TO BE frank the two cakes we have to finish off are ordered more out of sympathy and gratitude than need. This is because the waiter has revealed that the pancakes I have just asked for are not made on the premises. They're bought in. Now, buying in cakes from specialists is not a problem. It can be a good idea, sometimes. Buying in pancakes, though? Eh?

“Even I could make a pancake,” says Stephen, momentarily looking up over his horn-rimmed, tri-focal Gant specs from the other side of the table. That’s coming from an Italian-Scots male. Hmm.

Faced with this shock news there’s only one thing to do. And it falls upon my puny shoulders to do it. The pancakes with honey cream and stewed autumn fruits at, ahem, £6.50 are immediately cancelled, in as nice a way as possible in the circumstances, of course. Still, there’s clear consternation on the waiter’s face at this unexpected reward for his honesty. So by way of compensation we order instead a carrot and pistachio cake and a raspberry and lime one at £7.90 for the two. Who says honesty isn’t the best policy? They’re billed as Monty’s baking though they are bought in, and will turn out to be fairly average.

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Not that this meal hasn’t had its moments. That Arnold Bennet omelette with Corrie Mains free-range eggs (don’t they sell them in the supermarket?), smoked haddock and cheese was pretty lively. Though you’re no doubt asking yourself right now: if you can make an omelette how come you can’t make a pancake. Anyway the omelette is a tad salty, Stephen says, but that’ll be the haddock. And that is also from a man who doesn’t ever add salt to any of his food. I take a fishy forkful or two and it has a bit of life to it, punch even. I could have eaten more. And that’s from a man who does add salt.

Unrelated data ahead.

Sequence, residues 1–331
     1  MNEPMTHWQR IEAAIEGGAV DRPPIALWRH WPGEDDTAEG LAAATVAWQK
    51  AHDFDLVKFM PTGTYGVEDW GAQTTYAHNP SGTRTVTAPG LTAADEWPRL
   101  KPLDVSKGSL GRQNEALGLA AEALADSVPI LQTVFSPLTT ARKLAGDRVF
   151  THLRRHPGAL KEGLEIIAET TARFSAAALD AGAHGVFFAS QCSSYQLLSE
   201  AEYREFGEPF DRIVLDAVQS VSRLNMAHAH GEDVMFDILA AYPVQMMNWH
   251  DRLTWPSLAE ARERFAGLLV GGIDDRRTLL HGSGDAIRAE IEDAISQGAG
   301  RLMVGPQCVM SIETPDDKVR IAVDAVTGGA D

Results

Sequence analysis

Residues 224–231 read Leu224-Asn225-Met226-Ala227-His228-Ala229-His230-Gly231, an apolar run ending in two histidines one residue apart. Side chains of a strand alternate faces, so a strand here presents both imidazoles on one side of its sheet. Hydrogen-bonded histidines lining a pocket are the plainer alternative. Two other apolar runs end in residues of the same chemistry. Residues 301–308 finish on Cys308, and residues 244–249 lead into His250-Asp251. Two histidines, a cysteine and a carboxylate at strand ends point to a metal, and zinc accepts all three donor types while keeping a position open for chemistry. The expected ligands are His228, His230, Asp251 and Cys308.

I quite liked the corned beef hash too – fried egg, strangely cubed potatoes, corned beef and a sprinkle of green stuff, possibly parsley. Pretty well seasoned. Not by any means bad. And then there was yesterday’s curry – that’s how they vogueishly describe it on the menu – which turns out to be a mutton curry, dopiaza, I believe. How many times a week do they have mutton dopiaza in here, I wonder, having a chum who had exactly the same thing a while ago. And how much is it? It says merely “market pricing” on the menu. Curry? In an expensively restored cafe with bare brick walls and a currently completely empty but still arty mezzanine floor that’s not even slightly Asian. But why not? We are on the fringe of the famous Finnieston strip, Glasgow’s most vibrant and cosmopolitan restaurant area.

I, incidentally, have a soft spot for Radnor Street and this area, my sisters and I having spent a lot of time upstairs eating timbale – or spaghetti pie as we called it then – and gazing out at Glasgow University from the windows of our Italian godparents Silvio and Maria’s elegant flat. They had a fruit and veg shop around here somewhere. Back then, to a little kid anyway, this part of Glasgow was full of noise and buses and fumes and lots of little corner shops. Was there a cafe here? Probably. With its high ceilings and ornate cornicing this place has the feel of having once been a Lyons tea-room.

Anyway, the curry is not bad. It's pleasantly rich with some dry and rather sad flatbread accompanying it. The rice looks a bit tired but the meat has tenderness, flavour and spicing. It’s only when I look at the receipt much later and see I was charged £12.95 that I have to re-evaluate it. Overpriced, in my view.

Much of what we have had seems, on reflection, a bit overpriced for lunch. But then Monty’s giant menu seems to be focused mainly on all-day breakfasty brunches which start at around £9. Maybe that’s where there strength lies.

Monty’s

9 Radnor Street, Glasgow (montysfinnieston.co.uk, 0141 357 1666)

Menu: We ate from the all-day brunch menu – Arnold Bennet omelette, yesterday’s curry, corned beef hash and lots of all-day breakfast items. 3/5

Atmosphere: A fairly stylish bare-brick refurbishment just off the Finnieston strip. Pleasant enough. 3/5

Service: Relaxed, friendly and honest, which may have lost them a pancake sale but gets them an extra point or two. 5/5

Price: Pretty expensive for lunch especially given the otherwise ordinariness of what we received. 2/5

Food: Nothing special. Fashionable dishes executed in a fairly ordinary and forgettable fashion though yesterday’s curry would have been good at half the price. 5/10

Total: 18/30